So, Apple has admitted, in some roundabout way, that Aperture is finished. It hasn’t been announced on their website, indeed, it is still promoted and up for sale. No, somehow the news has been leaked in a very uncharacteristic way.
Nobody should be surprised by this. If Apple is consistent about anything, it is in dropping products or complete product lines without any second though for its customer’s investments. But with Aperture, it’s worse. Much worse. With Aperture, it’s customers are not just financially invested, but also creatively invested. This is the drawback of both non-destructive editing and proprietary digits asset management: you need to be able to trust that the software supplier you depend on is committed to long-term support. It was always a risky bet with Apple, and now it has proven to be the case. Apple is focused purely on short-term gain in increasingly dumbed-down disposable consumer electronics, and is fundamentally an untrustworthy partner. It is telling that the company has made no formal statement on its website, and shown absolutely no concern at all for its customers’ plight, and instead offers the insulting idea that it’s a fair swap to lose years of work for some rubbish piece of iCrap gloss in “the Cloud”. And in some cases, those customer’s entire business model rested on trusting Apple as a reliable partner.
I’m pretty sure that within the Aperture team there are people who well realise just how badly customers have been let down, but with Apple’s corporate Iron Curtain firmly in place, we’ll never know. And for the rest, from Tim Cook and all his anonymous MBA cohorts, we’re collateral damage. Long term I suspect it will be their loss.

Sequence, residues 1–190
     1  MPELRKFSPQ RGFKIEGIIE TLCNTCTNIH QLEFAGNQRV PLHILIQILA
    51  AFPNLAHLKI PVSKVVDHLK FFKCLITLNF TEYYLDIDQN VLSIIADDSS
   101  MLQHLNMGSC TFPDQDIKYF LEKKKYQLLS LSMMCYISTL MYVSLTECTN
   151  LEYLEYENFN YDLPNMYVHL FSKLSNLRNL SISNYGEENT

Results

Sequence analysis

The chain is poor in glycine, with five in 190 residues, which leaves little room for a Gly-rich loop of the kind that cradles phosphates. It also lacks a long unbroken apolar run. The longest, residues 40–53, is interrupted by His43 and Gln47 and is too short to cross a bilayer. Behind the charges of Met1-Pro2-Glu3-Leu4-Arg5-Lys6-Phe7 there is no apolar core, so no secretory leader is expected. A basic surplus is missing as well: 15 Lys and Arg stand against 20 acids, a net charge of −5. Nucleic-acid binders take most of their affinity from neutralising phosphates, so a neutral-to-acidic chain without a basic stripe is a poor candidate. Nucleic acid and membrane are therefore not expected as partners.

So what went wrong ? When Aperture hit the market in 2005 it was unexpected and revolutionary. It was also a massive resource hog, and expensive - $599 - and that didn’t help it gain early market share. People assumed it was a Photoshop rival, and perhaps even Steve Jobs did too, with his antipathy towards Adobe, but it wasn’t. It was something completely new, an application designed specifically for the needs of photographers in the digital age. Looking at it as a Photoshop rival obscured the real marvel of Aperture, its photo management and cataloging tools. There’s still nothing to beat it on that front, in fact as far as I know, nothing even comes close. Then there was the non-modal UI, which some people had (and still do have) a really hard time getting their heads around. Basically, with Aperture, you choose the context to work in (Project, Album, Book, Website, Light table, Print) and all editing and management tools are available at all times. This is quite the reverse to all other applications, including Lightroom, where the workflow is firmly object(photo)-centric.